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Twitter sued over short-notice layoffs as Elon Musk's takeover rocks company

The class-action lawsuit was filed Thursday in federal court in San Francisco and alleges Twitter violated the WARN Act.

A lawsuit was filed against Twitter on Thursday alleging the social media company now headed by Elon Musk violated federal and state law that requires 60 days' notice of mass layoffs, according to a court document.

The suit filed in U.S. District Court in San Francisco names five current or former workers as plaintiffs, one of whom was told he was terminated effective Tuesday, according to the lawsuit. It names Twitter as the defendant.

But Twitter told employees it will continue to provide pay and benefits, even though they are no longer working. An email from Twitter sent to laid off employees in New York and seen by NBC News said Friday was their last "working day" at the company but that they would be paid through their separation date in February. Another Twitter employee who received a severance email and asked to withold their name also said they were told they would be paid until early February with full benefits.

Three other staff members have been locked out of their Twitter accounts as of Thursday with no formal notice of a layoff, which they interpret to mean they will lose their jobs, according to the lawsuit.

"Twitter is now engaged in conducting mass layoffs without providing the required notice under the federal WARN Act," the lawsuit says, referring to the Worker Adjustment and Retraining Notification Act that requires 60-day notice for certain plant closings or mass layoffs.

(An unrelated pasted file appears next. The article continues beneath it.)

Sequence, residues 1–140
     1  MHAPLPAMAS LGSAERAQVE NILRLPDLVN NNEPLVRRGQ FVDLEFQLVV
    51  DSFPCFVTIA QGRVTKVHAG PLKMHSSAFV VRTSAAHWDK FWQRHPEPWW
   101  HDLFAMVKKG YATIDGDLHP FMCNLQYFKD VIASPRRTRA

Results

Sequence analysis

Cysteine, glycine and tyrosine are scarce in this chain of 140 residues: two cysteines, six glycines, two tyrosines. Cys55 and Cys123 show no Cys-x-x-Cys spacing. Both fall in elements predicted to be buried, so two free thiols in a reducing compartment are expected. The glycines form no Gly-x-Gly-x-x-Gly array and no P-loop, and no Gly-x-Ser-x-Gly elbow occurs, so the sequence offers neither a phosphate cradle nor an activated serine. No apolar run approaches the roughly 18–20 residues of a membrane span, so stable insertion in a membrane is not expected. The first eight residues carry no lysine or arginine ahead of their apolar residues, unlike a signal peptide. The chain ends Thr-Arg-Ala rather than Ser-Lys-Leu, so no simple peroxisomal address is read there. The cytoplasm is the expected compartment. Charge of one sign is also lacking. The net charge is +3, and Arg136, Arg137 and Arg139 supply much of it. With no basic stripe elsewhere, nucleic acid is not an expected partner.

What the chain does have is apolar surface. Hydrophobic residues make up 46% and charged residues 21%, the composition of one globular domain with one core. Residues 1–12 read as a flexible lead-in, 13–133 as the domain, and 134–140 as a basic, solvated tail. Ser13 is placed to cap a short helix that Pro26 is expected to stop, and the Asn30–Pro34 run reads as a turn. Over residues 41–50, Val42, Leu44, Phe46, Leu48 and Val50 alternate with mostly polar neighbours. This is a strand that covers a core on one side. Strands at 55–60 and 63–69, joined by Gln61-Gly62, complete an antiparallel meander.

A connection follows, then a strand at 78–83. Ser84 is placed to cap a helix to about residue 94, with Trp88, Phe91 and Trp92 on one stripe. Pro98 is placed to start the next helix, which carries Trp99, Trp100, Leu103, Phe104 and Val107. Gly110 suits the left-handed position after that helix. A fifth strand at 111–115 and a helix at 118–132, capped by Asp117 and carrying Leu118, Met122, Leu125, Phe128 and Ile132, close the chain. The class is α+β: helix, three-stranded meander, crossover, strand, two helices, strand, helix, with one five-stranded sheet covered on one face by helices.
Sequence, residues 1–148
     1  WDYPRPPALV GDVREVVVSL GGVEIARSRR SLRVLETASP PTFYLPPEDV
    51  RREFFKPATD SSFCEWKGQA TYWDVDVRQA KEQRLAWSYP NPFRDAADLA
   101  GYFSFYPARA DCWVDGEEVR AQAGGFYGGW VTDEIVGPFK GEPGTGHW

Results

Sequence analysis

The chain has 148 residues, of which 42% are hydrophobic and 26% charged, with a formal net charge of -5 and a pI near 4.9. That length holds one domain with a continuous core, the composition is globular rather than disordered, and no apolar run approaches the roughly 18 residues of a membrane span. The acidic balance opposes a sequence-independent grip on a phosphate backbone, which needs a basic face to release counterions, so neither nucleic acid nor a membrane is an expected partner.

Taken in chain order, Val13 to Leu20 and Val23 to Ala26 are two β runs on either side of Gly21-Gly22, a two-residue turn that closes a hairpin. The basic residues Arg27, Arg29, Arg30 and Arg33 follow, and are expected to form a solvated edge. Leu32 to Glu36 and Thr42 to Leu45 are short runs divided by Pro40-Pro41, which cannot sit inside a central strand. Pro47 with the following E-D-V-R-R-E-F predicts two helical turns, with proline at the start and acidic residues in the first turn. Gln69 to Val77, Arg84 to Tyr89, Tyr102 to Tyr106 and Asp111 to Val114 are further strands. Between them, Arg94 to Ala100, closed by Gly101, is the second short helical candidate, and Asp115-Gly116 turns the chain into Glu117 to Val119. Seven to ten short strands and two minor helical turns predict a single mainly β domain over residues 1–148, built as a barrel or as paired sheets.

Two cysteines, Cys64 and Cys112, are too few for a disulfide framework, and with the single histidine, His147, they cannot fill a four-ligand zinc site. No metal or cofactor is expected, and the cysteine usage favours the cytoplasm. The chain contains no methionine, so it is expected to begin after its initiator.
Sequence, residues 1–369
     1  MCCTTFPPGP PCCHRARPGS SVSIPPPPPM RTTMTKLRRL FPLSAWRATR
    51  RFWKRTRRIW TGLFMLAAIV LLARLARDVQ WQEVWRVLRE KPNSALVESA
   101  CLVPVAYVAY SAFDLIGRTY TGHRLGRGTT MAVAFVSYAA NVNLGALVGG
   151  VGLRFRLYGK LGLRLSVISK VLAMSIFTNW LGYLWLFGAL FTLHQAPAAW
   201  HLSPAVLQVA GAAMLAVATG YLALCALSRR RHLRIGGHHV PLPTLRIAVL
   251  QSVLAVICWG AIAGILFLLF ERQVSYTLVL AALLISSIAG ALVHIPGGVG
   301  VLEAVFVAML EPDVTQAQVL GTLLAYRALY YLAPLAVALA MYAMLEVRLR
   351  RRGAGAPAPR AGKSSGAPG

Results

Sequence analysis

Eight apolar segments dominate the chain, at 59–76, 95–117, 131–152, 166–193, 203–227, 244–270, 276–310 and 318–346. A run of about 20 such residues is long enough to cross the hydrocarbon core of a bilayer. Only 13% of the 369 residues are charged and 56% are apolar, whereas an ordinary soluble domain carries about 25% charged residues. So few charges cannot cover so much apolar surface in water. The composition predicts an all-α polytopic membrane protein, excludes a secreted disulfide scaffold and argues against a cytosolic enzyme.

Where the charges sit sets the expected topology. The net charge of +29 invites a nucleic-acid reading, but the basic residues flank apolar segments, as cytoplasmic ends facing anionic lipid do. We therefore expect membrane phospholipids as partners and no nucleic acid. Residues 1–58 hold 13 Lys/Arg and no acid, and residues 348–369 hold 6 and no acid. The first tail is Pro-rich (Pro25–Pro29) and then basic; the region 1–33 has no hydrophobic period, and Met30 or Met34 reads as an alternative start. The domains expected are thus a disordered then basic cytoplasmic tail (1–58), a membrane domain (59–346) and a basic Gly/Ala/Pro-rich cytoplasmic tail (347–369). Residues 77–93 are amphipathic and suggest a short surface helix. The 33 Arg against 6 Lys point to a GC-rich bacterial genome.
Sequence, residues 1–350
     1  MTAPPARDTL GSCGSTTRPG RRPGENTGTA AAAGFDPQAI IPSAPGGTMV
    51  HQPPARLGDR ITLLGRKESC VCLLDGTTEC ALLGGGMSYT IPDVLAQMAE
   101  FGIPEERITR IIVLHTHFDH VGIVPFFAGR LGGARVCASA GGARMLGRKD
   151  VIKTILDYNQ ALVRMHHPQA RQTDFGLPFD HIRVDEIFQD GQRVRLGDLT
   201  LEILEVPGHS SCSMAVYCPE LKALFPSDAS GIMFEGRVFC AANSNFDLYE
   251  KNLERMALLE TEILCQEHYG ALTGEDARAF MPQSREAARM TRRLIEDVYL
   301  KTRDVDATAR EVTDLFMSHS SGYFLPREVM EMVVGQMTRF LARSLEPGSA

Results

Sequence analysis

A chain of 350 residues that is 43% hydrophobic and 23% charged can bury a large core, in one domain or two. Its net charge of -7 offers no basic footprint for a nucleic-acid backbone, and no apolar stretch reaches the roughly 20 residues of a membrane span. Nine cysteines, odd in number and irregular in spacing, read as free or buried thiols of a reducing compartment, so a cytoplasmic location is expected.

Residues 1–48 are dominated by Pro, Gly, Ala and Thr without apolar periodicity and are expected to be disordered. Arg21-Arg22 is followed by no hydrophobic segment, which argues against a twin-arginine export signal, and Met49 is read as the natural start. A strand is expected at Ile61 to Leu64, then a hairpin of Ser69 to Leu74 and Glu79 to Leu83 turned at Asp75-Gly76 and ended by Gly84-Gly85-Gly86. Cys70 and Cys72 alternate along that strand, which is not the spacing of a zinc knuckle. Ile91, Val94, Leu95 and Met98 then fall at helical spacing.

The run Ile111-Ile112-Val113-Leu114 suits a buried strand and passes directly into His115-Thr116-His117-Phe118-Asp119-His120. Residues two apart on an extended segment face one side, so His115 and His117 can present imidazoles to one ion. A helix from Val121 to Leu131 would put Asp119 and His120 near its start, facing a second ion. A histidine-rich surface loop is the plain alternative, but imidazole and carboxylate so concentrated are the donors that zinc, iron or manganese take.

In an email to staff members obtained by NBC News, Twitter said Thursday it would begin layoffs in “an effort to place Twitter on a healthy path.” The email said staffers would get notices by email about their employment status.

It had been widely reported that Musk planned to slash the company’s 7,500-person payroll after finalizing the acquisition of Twitter last week. The final number of layoffs isn't clear.

The suit seeks a court to declare that Twitter is violating the WARN Act and to prevent it from doing so. It also seeks to prevent Twitter from trying to obtain releases from workers without informing them of their rights and the lawsuit, according to the document.

Bloomberg reported about the lawsuit late Thursday. Shannon Liss-Riordan, the attorney who filed the complaint, told the news outlet that workers need to know their rights.

“We filed this lawsuit tonight in an attempt the make sure that employees are aware that they should not sign away their rights and that they have an avenue for pursuing their rights,” Liss-Riordan told Bloomberg.

Twitter did not immediately respond to an emailed request for comment early Friday.

The lawsuit says news reports suggest there would widespread layoffs beginning Friday.

A Twitter employee told NBC News that Thursday’s email was the first communication staff members had received from the company since the acquisition Oct. 27.

“It’s total chaos, house melting down, everyone looking towards this email,” the employee said.

Twitter’s headquarters are in San Francisco.

Four of the workers listed as plaintiffs in the suit worked in San Francisco, and a fifth worked at the company’s office in Cambridge, Massachusetts, according to the suit.